A Guide To Table Saw Safety Features

Table Saw Safety Features
Table Saw Safety Features

Woodworking is a great hobby and skill where you will always be improving and learning. But it even though woodworking may seem like a low-risk hobby there are estimated to be over 720,000 injuries a year. It is important to maintain table saw safety at all times in the workshop to reduce injury.

A study of 1000 amateur woodworker injuries found that 42% of injuries were caused by a table saw. 37% of respondents reported the amputation of at least one digit. Unfortunately, it isn’t surprising that the highest percentage of injuries is from table saws. They are the most commonly used power saw in the workshop. This does mean however that the safety features of a table saw are essential to understand. Therefore minimizing injuries to yourself and others.

Always Be Prepared

The first step to reducing injuries in your shop is to prevent them by being aware and trained for your equipment. It is also always worth being prepared for injuries when using sharp tools and heavy equipment.

We recommend that you take a basic first aid course so that even if you are on your own you know the first steps to take. Have a properly equipped first aid kit that is easily accessible at all times. A great place is behind the door as it is often within reaching distance in most workshops. Also make sure your workshop is clean and tidy, reducing the chance of tripping over anything or falling objects.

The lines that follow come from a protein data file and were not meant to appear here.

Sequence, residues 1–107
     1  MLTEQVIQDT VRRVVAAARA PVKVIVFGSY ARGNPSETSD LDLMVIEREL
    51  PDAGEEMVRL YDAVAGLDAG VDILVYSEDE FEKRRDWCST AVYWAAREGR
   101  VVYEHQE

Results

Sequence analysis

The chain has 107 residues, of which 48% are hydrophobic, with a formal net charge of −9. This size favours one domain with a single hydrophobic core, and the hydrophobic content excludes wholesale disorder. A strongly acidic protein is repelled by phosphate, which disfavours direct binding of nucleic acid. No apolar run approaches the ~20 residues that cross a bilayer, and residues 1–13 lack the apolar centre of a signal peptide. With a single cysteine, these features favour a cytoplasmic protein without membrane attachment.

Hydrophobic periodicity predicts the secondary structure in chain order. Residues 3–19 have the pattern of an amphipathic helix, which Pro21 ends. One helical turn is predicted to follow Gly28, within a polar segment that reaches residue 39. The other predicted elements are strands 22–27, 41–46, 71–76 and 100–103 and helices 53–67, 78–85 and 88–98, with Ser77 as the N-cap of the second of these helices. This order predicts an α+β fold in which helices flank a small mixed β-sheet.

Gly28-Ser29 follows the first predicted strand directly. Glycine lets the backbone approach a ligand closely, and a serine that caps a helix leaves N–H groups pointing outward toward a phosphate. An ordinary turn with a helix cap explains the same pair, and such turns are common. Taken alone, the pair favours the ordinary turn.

Table Saw Safety Features

SawStop Brake

One of the biggest advancements in recent years for table saws is the SawStop safety brake mechanism. It senses electrical currents through the material you are cutting. If it senses current then the cartridge immediately stops the blade and drops it quickly below the table surface. This is great for stopping g you from accidentally cutting one of your fingers off when you lose concentration.

The break works by engaging the blade as soon as it senses a conductive material, such as your finger. Setting off the system does ruin the brake cartridge, but the blade might be able to be repaired. The blade and break combination is a straightforward machine that with a bit of knowledge can be replaced in under a minute.

If you are cutting a material that does conduct electricity you will have to use bypass mode on the main switch. To save yourself from not using a cartridge unnecessarily when you’re not sure if your material is conductive you can put it into bypass mode and watch the indicator lights.


One of the most common table saw injuries is kickback. Kickback occurs when the material binds with the teeth at the back of the saw blade. The result is your material flying back at you at high speed, often causing damage and bruising.

To stop kickback, we would recommend having a riving knife installed. They sit at the back of the blade and slightly over the top. Riving knives also move up and down as the blade does on the arbor. By sitting at the back of the saw they stop the material from pinching and touching the blade which would otherwise cause kickback.